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Flights over US, EU killing people in India, China

Last updated on: October 1, 2010 09:07 IST

Flights over US, EU killing people in India, China

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Aircraft flying above North America and Europe are emitting pollutants that are poisoning the air in India and China, and resulting in deaths of thousands of people in these Asian nations, a new study has said.

The study led by a team at the Massachusetts Institute of Technology says airplanes flying at a cruise altitude of around 35,000 feet emit pollutants that contribute to about 8,000 deaths per year globally.

Due to high speed winds that flow east, air pollution caused by planes flying over North America and Europe is adversely impacting air quality in India and China, it said.

Nearly 3500 people - almost half of the global number - die in India and China due to this air pollution. Air travel is heaviest above North America and Europe.

"Even though the amount of fuel burned by aircraft over India and China accounts for only 10 per cent of the estimated total amount of fuel burned by aircraft across the globe, the two countries incur nearly half - about 3,500 - of the annual deaths related to aircraft cruise emissions," the study said.

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The research provides the first estimate of premature deaths attributable to aircraft emissions at cruise altitudes.

Aircraft emit nitrogen oxides and sulfur oxides, which react with gases already existing in the atmosphere to form harmful fine particulate matter.

Part of the reason for the high percentage of premature deaths in India and China is that these regions are densely populated and also have high concentrations of ammonia in their atmosphere as a result of farming.

This ammonia reacts with oxidised nitrogen and sulphur to create fine particulate matter that people inhale on the ground.

Although agriculture is abundant in Europe and North America, the ammonia levels are not as elevated above those regions as they are in the Asian countries, the study said.

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The analysis also revealed that although every country in the Northern Hemisphere experienced some number of fatalities related to these emissions, almost none of the countries in the Southern Hemisphere had fatalities.

"That is because the majority of air traffic occurs in the Northern Hemisphere, where planes emit pollutants at altitudes where high-speed winds flowing eastward, such as the jet stream, spread emissions to other continents," according to the study.

Though aircraft emissions are regulated, current guidelines only apply to low-altitude flights travelling at 3,000 feet.

"That is because regulators have assumed that anything emitted above 3,000 feet would be deposited into a part of the atmosphere that has significantly smoother air," meaning fuel waste would not circulate back to the ground, the study said.

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Even though 90 per cent of aircraft fuel is burned at cruise altitudes, only those pollutants that are emitted during takeoff and landing are regulated.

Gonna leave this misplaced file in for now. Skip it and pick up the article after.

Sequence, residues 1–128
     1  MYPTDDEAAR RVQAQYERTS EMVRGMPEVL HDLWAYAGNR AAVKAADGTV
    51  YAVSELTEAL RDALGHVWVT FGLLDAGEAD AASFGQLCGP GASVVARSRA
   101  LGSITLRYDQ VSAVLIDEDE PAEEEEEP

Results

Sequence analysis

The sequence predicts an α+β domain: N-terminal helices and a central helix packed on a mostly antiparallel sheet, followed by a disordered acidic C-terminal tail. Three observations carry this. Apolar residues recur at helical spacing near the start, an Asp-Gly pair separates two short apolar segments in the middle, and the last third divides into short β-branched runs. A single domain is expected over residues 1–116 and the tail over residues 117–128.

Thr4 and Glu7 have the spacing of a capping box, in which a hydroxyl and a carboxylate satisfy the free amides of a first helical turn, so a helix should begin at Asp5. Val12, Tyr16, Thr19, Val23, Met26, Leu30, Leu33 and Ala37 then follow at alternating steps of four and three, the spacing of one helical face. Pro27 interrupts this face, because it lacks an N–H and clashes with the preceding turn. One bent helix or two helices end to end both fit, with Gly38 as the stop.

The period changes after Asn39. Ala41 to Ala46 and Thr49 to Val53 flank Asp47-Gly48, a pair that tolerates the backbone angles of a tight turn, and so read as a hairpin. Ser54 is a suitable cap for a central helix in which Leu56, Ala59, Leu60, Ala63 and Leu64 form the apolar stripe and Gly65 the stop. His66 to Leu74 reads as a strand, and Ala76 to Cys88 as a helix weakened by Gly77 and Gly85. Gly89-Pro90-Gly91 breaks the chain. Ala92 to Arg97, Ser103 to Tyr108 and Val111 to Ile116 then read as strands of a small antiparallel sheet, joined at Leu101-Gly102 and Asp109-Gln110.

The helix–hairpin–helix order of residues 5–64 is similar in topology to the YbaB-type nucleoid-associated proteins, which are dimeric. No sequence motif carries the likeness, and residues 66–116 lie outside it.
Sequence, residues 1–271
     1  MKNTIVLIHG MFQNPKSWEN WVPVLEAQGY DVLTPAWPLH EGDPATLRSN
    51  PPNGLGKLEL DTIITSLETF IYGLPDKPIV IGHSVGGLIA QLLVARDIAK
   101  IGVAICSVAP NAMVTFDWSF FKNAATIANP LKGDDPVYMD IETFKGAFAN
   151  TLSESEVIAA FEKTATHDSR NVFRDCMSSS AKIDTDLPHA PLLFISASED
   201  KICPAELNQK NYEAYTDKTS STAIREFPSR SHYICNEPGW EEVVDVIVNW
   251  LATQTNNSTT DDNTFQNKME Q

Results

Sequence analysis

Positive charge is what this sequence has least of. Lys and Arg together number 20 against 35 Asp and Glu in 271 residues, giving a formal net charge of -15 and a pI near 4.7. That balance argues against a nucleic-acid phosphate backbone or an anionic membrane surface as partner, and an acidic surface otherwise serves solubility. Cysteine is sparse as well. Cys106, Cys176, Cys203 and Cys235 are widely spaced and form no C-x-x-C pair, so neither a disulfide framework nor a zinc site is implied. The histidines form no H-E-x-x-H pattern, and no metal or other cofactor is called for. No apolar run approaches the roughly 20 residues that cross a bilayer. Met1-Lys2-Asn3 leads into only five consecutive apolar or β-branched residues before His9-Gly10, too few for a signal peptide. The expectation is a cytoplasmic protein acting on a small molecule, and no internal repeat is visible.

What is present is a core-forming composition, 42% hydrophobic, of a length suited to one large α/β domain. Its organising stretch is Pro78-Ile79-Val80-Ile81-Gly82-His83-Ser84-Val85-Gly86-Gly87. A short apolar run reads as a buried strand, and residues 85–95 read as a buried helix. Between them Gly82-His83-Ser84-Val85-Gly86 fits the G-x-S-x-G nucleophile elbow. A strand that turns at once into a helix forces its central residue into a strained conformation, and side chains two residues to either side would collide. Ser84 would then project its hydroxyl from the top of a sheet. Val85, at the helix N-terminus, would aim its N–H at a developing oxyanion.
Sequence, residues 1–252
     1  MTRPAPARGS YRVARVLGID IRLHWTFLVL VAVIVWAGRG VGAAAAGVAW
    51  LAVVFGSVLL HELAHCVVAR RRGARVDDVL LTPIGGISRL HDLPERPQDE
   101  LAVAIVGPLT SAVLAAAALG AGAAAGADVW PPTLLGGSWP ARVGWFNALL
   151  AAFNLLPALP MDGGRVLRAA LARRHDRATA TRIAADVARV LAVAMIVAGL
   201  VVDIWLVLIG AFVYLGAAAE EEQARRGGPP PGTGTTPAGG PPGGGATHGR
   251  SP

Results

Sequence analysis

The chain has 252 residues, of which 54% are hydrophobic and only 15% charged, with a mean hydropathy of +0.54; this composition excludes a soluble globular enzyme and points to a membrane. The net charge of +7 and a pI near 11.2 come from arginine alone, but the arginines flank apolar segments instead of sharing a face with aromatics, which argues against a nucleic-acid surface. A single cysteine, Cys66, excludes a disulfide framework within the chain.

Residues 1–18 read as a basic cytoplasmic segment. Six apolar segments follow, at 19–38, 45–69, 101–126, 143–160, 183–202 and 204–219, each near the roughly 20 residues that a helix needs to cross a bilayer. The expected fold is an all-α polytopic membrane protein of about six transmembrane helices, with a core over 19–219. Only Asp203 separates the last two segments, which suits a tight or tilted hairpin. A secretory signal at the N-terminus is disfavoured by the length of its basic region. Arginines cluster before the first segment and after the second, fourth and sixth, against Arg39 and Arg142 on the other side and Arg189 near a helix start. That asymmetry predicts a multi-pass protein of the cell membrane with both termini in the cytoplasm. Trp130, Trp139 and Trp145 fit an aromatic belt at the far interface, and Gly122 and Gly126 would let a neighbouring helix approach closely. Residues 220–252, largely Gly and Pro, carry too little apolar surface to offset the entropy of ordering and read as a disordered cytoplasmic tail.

"Anything above that (altitude) really hasn't been regulated, and the goal of this research was to determine whether that was really justified," says the study's lead author Steven Barrett, Assistant Professor of Aeronautics and Astronautics in MIT's Department of Aeronautics and Astronautics.

To study the effects of cruise emissions, Barrett used a computer model that combined data about plane trajectories, amount of fuel burned during flights and the estimated emissions from those flights.

He combined that with a global atmospheric model that accounts for air-circulation patterns in different parts of the globe.

He then used data related to population density and risk of disease in different parts of the world to determine how the change in particulate matter over certain regions might affect people on the ground - specifically, whether the air pollutants would lead to an increased risk of death.

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Image: Inset: Steven Barrett, Assistant Professor of Aeronautics and Astronautics in MIT.

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The study recommends that cruise emissions be "explicitly considered" by international policymakers who regulate aviation engines and fuels.

Steve Lott, a spokesman for the International Air Transport Association, a trade group that represents 230 airlines, says that aviation is "a small part of a big problem," particularly when compared to other transportation sources of emissions, such as those caused by shipping, which a 2007 study linked to 60,000 premature deaths per year.

In 2004, the World Health Organisation estimated that about one million deaths per year are caused by air pollution.

Several epidemiological studies have linked air pollution to the development of cardiovascular and respiratory illnesses, including lung cancer.

Increased exposure to fine particulate matter caused by air pollution is linked to health problems like chronic bronchitis and decreased lung function, as well as premature death.



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